Friday, August 24, 2007


This all started because of Mel Gibson.

No doubt you remember the release of "The Passion of the Christ" -- Gibson's blood-soaked valentine to his personal savior. Like everyone else, I was intrigued (if not slightly enraged) to see about Jesus' last excruiating hours on earth spoken in a dead language and using White actors. Unlike most folks, I was a film critic at the time so it was actually part of my job to see "Passion." Despite the spectacular cinematography (note to Mel: cut the slow-mo by half and you are golden), the film left me underwhelmed. Not to mention, Mel could go through the trouble of making a film in fucking Aramaic but not hire someone from at least the same continent as the J-man? Talk about holy shit. But I digress.

My real issue with the film is that in telling the story of perhaps the most well-known man on earth (next to David Beckham -- which is sad, by the way), Mel made no attempt to make the audience invest in Jesus as a man or character. Instead he was literally a whipping boy, an avatar for religious fervor, guilt or whatever. Quick insight into my movie review method: I tried to come into each film as if I was an alien with no pre-judgments. In that respect, Mel failed to make me care about this Jewish carpetner who literally got the shaft.

My initial review was met by my editor with its usual amount of redline edits and an unusual amount of hair pulling. "Black people will kill us if we publish," she said. I'm no idiot, I know how touchy religion is -- you can't live in a society that considers the phrase "Happy Holidays" an attack on religious freedom without knowing that even a lukewarm review might be met with a few letters to the editor. But fuck it, the beauty of writing reviews (or blogs) is you get to legitimize all your navel gazing, right?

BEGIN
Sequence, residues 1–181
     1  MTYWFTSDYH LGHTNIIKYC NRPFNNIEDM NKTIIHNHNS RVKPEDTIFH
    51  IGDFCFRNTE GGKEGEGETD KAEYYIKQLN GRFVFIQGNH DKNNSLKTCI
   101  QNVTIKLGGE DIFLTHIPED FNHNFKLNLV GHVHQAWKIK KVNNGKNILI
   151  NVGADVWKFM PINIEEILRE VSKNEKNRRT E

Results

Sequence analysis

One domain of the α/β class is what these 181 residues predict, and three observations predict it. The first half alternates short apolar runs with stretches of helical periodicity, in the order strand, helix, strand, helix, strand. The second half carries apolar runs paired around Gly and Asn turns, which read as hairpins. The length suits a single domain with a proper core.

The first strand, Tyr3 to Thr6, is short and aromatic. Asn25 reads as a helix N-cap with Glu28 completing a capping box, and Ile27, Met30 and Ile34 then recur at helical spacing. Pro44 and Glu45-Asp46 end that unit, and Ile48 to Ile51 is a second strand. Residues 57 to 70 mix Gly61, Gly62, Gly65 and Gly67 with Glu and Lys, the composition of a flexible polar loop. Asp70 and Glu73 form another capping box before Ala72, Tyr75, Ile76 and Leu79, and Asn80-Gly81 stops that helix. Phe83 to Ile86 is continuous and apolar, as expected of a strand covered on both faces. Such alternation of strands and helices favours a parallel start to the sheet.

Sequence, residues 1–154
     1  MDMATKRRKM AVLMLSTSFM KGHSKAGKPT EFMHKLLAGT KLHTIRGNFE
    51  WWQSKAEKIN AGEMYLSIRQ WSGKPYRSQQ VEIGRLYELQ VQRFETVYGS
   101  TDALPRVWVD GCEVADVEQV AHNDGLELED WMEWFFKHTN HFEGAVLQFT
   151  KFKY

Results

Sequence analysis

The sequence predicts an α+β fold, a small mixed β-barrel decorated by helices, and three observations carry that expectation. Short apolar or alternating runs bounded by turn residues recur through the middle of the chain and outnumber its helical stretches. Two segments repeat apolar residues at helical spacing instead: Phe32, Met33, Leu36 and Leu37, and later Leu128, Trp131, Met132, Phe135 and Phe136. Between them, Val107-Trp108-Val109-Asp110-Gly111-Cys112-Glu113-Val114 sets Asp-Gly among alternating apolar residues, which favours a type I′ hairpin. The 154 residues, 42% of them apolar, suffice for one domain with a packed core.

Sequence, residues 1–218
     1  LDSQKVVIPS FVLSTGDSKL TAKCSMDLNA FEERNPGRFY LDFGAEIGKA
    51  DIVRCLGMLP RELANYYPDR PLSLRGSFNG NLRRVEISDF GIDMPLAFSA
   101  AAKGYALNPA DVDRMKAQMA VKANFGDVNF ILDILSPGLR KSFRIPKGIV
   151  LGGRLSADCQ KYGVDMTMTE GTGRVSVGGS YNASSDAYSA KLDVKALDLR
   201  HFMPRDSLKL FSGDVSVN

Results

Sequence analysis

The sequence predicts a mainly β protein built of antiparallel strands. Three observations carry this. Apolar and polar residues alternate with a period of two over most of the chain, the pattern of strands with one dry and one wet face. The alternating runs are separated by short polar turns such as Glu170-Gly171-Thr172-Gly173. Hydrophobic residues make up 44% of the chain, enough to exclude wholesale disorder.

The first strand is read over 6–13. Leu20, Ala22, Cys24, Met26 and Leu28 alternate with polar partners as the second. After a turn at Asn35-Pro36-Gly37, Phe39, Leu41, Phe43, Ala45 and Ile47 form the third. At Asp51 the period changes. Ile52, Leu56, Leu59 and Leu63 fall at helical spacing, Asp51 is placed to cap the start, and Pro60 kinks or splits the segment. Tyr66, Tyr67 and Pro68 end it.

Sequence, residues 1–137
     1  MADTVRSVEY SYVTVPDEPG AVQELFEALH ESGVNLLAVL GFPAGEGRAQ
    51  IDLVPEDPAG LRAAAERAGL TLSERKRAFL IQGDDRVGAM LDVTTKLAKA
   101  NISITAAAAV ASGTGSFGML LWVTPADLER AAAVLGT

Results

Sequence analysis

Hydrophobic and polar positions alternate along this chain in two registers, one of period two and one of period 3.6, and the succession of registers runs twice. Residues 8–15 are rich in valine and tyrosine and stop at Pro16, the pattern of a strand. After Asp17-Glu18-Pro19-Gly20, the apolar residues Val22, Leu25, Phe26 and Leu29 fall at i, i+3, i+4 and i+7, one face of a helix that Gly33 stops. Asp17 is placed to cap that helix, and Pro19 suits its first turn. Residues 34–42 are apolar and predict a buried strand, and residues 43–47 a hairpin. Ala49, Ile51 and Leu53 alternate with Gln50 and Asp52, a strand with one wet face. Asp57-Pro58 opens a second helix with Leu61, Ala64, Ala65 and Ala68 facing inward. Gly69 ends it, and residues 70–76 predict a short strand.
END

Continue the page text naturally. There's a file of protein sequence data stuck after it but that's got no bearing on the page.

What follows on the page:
But, as it was impressed upon me, EVERYONE knows the story of Jesus and that our sympathy is assumed. Hmm, really? If Mel had directed the "Passion of the Allah" would American audiences be expected to bone up the Koran before plunking down $20 at the multiplex or would we lambast Mel "I Love Jews" Gibson for not giving enough background? Since that's a rhetorical question, the answer is B. But that's not acceptable when writing for Black folks, who we assume are all card-carrying Baptists (or should be).

That's where I and this blog come in. I'm not a Baptist or a Christian for that matter. I'm not religious at all. And not in that I-grew-up-in-the-church-but-am-currently-disenchanted-enough-to-restate-myself-as-"spiritual" kind of way, either. No, I was raised without any real concept of God, the devil or hell. Jesus, as it were, was something for other folks like garden gnomes or velvet paintings. My parents, in all their early-70's free thinking decided (no shit -- this is a quote from my father) "we would raise you like the French philosophs." Basically, instead of indoctrinating me at birth with a religion I would have no real chance of analyzing objectively, they raised me with no religion and left the choice to me. I imagine they had lofty dreams of weekend trips to mosques, synagouges, temples and whatever buildings buddhists praise in as I soaked up the good and bad like a sponge. But, you know, life gets in the way and you never really get around to it. Besides, I was a pretty good kid so they figured, what they hell.

Anyway, figuring I should find out what is it about Jesus everyone already knows, I ended up reading the bible ("reading" is defined as half of the old testament and all of the new testament -- with a highlighter no less), something that I found incredibly enlightening and, to a large degree, self-affirming. But more on that later.

As for now, sit back and enjoy as I bring you regular dispatches from the Third Kingdom (that's the lower-income heaven that Black Mormons go to -- at least until 1970-something when they got all "equal rights"). You'll meet lovable characters like my Deacon-in-the-making mother-in-law, my God-fearing boss, my religiously-ambigous wife, my death-obsessed daughter and my overwhelming fear/desire of exposing my heathenistic ways to all that would be offended.

Remember you can't spell blasphemy without "me."